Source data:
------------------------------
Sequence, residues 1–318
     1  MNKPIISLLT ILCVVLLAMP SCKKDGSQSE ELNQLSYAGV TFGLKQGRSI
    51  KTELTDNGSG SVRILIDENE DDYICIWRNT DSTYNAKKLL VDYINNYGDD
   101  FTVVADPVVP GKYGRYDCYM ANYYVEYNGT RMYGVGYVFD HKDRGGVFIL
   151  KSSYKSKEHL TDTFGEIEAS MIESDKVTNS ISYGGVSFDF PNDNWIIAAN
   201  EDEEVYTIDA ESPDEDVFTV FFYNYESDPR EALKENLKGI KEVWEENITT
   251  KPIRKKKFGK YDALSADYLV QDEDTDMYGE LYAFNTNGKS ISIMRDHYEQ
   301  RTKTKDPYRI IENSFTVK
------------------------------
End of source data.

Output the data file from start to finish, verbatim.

Sequence, residues 1–318
     1  MNKPIISLLT ILCVVLLAMP SCKKDGSQSE ELNQLSYAGV TFGLKQGRSI
    51  KTELTDNGSG SVRILIDENE DDYICIWRNT DSTYNAKKLL VDYINNYGDD
   101  FTVVADPVVP GKYGRYDCYM ANYYVEYNGT RMYGVGYVFD HKDRGGVFIL
   151  KSSYKSKEHL TDTFGEIEAS MIESDKVTNS ISYGGVSFDF PNDNWIIAAN
   201  EDEEVYTIDA ESPDEDVFTV FFYNYESDPR EALKENLKGI KEVWEENITT
   251  KPIRKKKFGK YDALSADYLV QDEDTDMYGE LYAFNTNGKS ISIMRDHYEQ
   301  RTKTKDPYRI IENSFTVK